Marketing managers research, assess and determine product demand and concentrate on the practical application of marketing methods in companies with their available resources. This professional controls all the market activity – promotion, research and strategies – of the marketing department and is in charge of a product, service or brand.
Nights and weekends occasionally
Unless a deadline is approaching and the team needs to burn the midnight oil, the working conditions for a marketing manager are typical of white-collar jobs. A marketing manager will work Monday to Friday, 9am to 5pm, but there is the chance of working additional hours in the evening to meet with clients, deliver presentations at industry conferences or ensure an assignment is completed on time.
Like plenty of positions today, a marketing manager may need to keep an eye on emails and text messages to ensure that everything is running smoothly as the project’s due date nears.
Annual salary estimates are based on percentile wage data collected through the Occupational Employment Statistics (OES) survey of US workers.
DVM / VMD degree
To become a marketing manager, you must complete a bachelor’s degree in marketing, business or business administration at an accredited college or university, which will take four years to finish. If you decide to study marketing, then it would be prudent for your career to enrol in additional courses for business or business management.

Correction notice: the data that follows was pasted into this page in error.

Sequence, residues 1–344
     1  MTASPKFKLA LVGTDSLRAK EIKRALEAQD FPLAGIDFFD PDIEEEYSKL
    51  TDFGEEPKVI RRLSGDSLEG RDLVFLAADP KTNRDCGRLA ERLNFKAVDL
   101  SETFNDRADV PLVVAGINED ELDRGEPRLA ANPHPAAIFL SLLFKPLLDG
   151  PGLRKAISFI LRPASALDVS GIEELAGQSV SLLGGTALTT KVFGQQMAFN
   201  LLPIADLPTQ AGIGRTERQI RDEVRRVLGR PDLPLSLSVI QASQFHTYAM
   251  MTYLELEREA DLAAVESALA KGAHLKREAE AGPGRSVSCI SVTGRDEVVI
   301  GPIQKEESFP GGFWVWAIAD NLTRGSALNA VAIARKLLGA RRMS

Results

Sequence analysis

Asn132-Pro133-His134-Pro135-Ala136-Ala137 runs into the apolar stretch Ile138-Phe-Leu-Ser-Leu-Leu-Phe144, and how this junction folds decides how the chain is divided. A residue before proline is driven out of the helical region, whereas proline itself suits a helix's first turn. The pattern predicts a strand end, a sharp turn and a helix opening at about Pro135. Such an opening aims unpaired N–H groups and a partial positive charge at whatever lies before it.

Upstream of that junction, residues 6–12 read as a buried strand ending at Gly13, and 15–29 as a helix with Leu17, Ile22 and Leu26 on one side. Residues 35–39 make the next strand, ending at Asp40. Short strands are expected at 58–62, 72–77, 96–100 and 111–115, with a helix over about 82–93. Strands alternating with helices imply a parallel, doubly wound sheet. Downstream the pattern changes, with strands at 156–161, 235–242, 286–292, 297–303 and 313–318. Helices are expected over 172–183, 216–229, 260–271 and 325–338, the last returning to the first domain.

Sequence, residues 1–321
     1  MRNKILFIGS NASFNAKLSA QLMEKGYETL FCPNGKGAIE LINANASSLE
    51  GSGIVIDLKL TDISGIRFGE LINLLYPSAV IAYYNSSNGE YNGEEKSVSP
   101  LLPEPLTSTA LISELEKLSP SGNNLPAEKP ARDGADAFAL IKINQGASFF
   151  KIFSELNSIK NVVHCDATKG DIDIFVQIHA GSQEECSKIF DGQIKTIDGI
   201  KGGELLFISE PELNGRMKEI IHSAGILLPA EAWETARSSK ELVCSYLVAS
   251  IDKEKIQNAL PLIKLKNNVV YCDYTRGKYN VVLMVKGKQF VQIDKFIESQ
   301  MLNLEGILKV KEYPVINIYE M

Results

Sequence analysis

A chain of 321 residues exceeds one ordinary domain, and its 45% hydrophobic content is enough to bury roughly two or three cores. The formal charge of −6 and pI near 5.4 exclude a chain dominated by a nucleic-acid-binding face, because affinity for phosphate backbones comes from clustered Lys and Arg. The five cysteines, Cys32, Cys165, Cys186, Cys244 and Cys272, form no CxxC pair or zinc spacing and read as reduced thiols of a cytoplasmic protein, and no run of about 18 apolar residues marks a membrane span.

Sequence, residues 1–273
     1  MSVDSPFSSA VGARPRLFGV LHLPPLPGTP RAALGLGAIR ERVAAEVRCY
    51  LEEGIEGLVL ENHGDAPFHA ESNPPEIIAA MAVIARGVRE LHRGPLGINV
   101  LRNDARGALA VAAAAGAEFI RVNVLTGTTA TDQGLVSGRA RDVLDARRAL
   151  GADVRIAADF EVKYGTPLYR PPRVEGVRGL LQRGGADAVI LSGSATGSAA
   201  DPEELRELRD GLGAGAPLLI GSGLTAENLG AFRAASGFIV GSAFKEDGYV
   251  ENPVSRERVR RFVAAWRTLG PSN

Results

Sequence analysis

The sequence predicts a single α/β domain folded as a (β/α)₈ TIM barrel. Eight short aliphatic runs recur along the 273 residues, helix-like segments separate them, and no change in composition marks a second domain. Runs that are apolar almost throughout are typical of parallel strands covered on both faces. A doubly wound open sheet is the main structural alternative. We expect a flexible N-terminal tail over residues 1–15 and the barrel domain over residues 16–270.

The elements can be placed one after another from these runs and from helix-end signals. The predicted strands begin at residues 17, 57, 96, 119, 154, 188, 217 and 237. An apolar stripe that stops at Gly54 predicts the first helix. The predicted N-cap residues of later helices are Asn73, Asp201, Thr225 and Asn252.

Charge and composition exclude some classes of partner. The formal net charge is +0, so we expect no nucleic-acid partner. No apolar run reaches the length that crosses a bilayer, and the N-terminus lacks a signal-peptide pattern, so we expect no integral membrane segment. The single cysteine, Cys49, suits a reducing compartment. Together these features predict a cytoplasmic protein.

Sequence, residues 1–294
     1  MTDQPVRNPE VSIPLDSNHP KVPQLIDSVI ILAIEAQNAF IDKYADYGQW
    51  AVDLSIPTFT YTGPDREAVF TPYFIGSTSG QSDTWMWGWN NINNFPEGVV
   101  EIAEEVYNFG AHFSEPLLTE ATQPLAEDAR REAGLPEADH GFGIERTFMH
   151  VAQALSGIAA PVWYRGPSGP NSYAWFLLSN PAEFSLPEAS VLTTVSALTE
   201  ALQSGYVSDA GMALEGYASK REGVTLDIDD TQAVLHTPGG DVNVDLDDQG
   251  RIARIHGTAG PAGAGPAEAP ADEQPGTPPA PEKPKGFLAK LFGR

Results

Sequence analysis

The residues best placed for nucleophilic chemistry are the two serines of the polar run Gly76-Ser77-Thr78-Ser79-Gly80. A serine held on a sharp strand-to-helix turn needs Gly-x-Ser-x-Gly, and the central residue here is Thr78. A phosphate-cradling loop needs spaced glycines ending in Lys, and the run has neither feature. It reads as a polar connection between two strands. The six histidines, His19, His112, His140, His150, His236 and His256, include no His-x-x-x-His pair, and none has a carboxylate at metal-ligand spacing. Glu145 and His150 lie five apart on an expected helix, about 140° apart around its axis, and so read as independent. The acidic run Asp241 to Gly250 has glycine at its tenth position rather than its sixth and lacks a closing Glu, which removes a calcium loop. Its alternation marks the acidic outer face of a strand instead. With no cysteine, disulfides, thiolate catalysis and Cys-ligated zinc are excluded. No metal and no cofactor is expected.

Moreover, as you go through college, you need to develop and update a portfolio of designs, concepts or achievements. To further benefit your career, you should apply for a couple of internships to attain experience and a better understanding of the industry at well-known marketing firms, something that further improve your résumé and portfolio.
In any marketing firm, there is no long a position anymore titled ‘Marketer’. Instead, there is a whole host of titles: social media coordinator, event marketing specialist, community manager and digital content creator.
When you are in an entry-level position, you will be tasked with a diverse array of assignments that match your education and skills that will then facilitate a campaign’s success. After a couple of years, you will concentrate on an area where you will excel. Eventually, after several years of upward trends, recognition and profitability, you will become a marketing manager.